Donald Trump touts economy, Lewandowski during New Hampshire rally
MANCHESTER, N.H. – President Donald Trump touted the nation’s economy during a rally in New Hampshire on Thursday even as investors skittish over the possibility of a global slowdown have roiled markets and put the White House on defense.
Trump, who has visited the state only once before as president, trumpeted the state’s low unemployment – New Hampshire had the fourth-best jobless rate in the country in June – as he underscored an economic message long central to his campaign.
“We are doing well with China despite the fact that they want to have you believe to the contrary,” Trump told an enthusiastic crowd packed inside the Southern New Hampshire University Arena. “The tariffs are working.”
But the president’s visit came as his administration has sought to distance itself from wild market swings caused in part by fears of a worldwide recession and global trade wars. The Dow Jones Industrial Average suffered its worst plunge of the year Wednesday, though the market returned to positive territory midday Thursday.
“Before the election, our factories were closing,” Trump said. “Today our nation is stronger than ever before.”
Trump’s message resonated with many in the audience.
“New Hampshire’s economy is thriving,” said Elizabeth Girarld, chairwoman of New Hampshire Young Republicans, pointing to lower unemployment figures under Trump.
Timothy Lahey, a 55-year-old from Massachusetts said the stock market slide is “just a little scare on the side of the Democrats wanting to believe there’s going to be a recession or something.”
“The economy is fantastic,” said Lahey, who works in the carpentry industry and was, attending his first Trump rally. “Everybody’s out and about.”
Marilouise Bunker, 68, an apartment manager from Connecticut, said the economy is “great” and credited Trump’s effort to cut federal regulations as the cause.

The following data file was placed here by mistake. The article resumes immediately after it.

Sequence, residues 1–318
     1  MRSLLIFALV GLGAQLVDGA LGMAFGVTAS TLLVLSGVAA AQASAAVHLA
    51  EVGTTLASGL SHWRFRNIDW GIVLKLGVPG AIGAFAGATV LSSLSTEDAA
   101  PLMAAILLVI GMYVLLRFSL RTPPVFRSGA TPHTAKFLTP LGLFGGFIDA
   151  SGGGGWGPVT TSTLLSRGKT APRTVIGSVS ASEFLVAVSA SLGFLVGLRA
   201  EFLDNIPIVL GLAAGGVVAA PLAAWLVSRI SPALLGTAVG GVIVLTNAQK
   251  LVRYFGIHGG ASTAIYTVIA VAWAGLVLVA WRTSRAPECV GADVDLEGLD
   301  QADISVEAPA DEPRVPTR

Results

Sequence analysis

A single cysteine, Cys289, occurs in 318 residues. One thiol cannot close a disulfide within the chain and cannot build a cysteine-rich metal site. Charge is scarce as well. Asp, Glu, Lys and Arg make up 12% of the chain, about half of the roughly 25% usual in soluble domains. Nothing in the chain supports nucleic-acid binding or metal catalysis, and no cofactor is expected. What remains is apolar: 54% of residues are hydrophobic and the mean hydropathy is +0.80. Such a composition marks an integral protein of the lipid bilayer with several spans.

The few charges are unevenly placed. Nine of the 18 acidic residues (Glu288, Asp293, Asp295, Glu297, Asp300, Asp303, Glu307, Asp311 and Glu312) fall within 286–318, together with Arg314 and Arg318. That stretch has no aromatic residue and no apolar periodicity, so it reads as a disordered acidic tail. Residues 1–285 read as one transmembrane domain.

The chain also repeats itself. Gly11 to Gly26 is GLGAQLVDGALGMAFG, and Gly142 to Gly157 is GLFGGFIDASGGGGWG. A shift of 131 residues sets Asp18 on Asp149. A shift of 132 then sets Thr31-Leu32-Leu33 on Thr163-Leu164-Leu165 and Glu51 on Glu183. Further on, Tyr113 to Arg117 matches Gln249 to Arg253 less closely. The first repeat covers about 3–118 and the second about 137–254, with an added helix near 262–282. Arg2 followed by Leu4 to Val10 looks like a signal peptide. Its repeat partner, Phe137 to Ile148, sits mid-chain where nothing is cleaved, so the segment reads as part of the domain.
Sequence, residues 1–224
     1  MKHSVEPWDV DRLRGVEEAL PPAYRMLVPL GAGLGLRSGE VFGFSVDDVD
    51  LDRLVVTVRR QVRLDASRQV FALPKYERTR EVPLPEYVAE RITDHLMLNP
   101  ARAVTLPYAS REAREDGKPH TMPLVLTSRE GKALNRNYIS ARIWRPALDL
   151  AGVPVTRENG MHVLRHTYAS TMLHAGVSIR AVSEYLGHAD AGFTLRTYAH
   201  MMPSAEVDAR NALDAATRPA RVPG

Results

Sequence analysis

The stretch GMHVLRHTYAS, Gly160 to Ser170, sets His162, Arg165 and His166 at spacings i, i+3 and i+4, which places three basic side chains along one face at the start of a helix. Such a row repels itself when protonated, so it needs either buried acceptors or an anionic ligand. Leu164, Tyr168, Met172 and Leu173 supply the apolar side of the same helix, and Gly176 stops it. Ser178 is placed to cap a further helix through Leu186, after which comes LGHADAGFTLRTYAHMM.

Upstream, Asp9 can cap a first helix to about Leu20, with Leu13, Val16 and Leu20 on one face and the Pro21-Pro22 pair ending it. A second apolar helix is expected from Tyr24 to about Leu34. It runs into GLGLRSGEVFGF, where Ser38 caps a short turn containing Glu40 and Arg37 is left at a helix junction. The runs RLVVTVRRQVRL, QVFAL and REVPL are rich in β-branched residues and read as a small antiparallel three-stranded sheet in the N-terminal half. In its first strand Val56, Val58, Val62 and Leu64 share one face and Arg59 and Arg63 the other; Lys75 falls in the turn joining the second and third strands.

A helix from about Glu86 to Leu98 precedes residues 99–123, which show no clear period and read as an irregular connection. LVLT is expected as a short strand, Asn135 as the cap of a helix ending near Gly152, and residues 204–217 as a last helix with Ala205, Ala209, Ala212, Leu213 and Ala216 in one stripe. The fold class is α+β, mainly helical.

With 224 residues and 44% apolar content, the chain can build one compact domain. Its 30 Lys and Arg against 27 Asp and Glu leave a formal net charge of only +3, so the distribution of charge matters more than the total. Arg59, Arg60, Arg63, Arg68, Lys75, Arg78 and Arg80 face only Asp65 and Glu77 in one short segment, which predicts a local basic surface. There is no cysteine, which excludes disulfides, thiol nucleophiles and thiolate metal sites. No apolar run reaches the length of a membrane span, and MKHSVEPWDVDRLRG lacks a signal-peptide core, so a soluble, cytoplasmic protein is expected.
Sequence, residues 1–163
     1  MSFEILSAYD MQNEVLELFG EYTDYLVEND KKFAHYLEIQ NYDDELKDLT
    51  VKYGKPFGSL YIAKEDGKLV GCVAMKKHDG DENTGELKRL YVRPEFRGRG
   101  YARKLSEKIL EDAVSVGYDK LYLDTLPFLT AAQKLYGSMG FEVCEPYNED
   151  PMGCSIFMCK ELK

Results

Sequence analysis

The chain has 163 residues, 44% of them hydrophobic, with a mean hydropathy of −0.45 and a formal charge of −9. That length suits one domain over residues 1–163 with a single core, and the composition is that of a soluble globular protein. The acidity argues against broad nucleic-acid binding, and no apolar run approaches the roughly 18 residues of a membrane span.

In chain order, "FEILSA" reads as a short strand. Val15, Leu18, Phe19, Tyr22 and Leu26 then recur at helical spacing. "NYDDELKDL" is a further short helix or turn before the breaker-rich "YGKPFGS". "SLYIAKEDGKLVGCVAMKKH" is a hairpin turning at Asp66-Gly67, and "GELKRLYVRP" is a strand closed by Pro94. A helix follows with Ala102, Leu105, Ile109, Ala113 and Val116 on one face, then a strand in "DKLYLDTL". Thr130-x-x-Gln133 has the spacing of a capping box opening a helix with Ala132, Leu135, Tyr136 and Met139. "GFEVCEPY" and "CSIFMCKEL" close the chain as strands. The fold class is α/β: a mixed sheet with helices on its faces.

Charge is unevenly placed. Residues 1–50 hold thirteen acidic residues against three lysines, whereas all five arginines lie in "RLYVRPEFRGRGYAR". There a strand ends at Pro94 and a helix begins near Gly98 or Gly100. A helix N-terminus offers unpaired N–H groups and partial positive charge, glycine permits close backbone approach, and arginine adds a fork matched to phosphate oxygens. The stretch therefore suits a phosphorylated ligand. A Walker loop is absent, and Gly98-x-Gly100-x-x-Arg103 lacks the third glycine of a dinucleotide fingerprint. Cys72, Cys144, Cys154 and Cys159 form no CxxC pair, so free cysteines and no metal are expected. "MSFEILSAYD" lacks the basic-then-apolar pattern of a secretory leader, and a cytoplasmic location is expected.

“The stock market goes up and down,” she said. “Something happens and they get scared and it crashes. It will come back.”
Around a thousand Trump supporters stood outside the arena hours before the rally started. Chants of “USA! USA! USA” broke out and supporters listened to a country music band before the doors opened.
Carolyn Sires, 57, a physical therapist who operates her own practice, pointed to the economy as a driving issue for her support of Trump even amid the recent stock market struggles.
“I own a business in West Haven and I was really suffering and, not right away, but actually this year I feel it – the economy,” she said. “I’m giving not only raises and bonuses, I’m not worried anymore about making payroll. I’m not worried about giving incentive bonuses. I’m actually going to work without a worry and I love that.”
Tweets from New Jersey
The president is ostensibly on summer holiday at his golf resort in Bedminster, N.J., but the trip to New Hampshire marks his second major public event this week. He also traveled to Western Pennsylvania Tuesday for a raucous, rally-like event.
He also has remained active on Twitter. In more than a dozen posts in the hours before the rally, Trump weighed in on the recent Philadelphia shootings, blasted two Democratic congresswomen he claimed “hate Israel & all Jewish people,” defended his China tariffs and called attention to a New York Times editor who had been demoted.
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“The United States is now, by far, the Biggest, Strongest and Most Powerful Economy in the World, it is not even close!” he wrote. “As others falter, we will only get stronger.”